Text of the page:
Course code:



IM - Introductory/Intermediate

Class size limit:


Typically offered:

Upon occasion

Students will learn what causes bias motivated violence in schools and communities, how to develop effective prevention strategies, how to reduce police violence toward traditionally targeted groups, and why hate crimes have such destructive impacts on individuals and communities. The course will focus on hate crimes and police and community response in the US and in Europe. The students will examine their own ethnic, racial, gender, sexual orientation, and religious identities as victims and/or perpetrators of bias and violence. The course will examine bias and violence in Europe toward traditionally targeted groups such as LGBTQ, Muslim, Jewish, migrant and Roma people. Finally, the course will examine approaches to reducing bias motivated violence by police toward groups such as blacks, Muslims, and Roma. Students will be evaluated based on short written responses to readings, in-class discussion, two papers and a final project. The final project will explore some aspect of bias motivated violence through persuasive writing, fiction, poetry, art, photography/film, advocacy or interviews. Course readings will include scholarly writing, reports from human rights NGOs, first person accounts, and one novel. Class sessions will involve discussions led by me and at times by students, small group discussions between students and occasional guest presenters. The class will travel to Portland or Lewiston to meet with refugees from places in which bias motivated violence has been significant.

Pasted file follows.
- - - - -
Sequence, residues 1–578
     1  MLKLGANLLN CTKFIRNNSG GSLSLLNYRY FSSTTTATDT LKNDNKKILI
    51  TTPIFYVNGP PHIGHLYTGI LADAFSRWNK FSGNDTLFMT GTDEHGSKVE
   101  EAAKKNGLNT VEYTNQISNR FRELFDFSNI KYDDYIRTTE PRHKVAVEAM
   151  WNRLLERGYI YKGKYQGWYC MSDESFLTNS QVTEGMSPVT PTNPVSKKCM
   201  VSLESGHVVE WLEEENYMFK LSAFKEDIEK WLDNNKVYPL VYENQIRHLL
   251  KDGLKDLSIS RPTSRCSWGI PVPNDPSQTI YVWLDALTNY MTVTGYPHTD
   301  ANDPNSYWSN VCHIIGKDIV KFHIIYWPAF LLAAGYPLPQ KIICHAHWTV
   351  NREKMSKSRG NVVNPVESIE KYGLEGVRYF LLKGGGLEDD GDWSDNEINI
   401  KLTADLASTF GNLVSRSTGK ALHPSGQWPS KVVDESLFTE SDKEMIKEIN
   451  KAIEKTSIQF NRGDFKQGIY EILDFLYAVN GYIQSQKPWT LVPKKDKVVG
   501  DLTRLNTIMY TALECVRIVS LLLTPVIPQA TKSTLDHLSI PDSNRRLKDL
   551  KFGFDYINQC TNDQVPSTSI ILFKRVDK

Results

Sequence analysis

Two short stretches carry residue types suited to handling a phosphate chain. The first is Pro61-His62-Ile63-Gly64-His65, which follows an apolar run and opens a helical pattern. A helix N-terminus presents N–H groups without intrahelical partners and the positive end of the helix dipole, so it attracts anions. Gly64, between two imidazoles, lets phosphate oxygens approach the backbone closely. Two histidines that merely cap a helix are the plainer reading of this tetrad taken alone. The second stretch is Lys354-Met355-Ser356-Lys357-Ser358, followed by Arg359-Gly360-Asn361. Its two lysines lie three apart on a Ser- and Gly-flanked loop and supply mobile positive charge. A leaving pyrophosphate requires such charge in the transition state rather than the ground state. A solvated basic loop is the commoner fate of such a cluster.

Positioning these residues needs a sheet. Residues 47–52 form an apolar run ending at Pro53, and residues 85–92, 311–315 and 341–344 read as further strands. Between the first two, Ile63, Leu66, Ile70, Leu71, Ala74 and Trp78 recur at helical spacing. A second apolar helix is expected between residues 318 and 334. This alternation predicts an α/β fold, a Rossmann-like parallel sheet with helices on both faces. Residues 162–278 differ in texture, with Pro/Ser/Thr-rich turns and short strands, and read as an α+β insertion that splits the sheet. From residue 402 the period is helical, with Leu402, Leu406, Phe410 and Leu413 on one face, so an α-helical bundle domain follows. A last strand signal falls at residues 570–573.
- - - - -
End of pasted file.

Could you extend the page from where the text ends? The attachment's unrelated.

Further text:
Always visit the Registrar's Office for the official course catalog and schedules.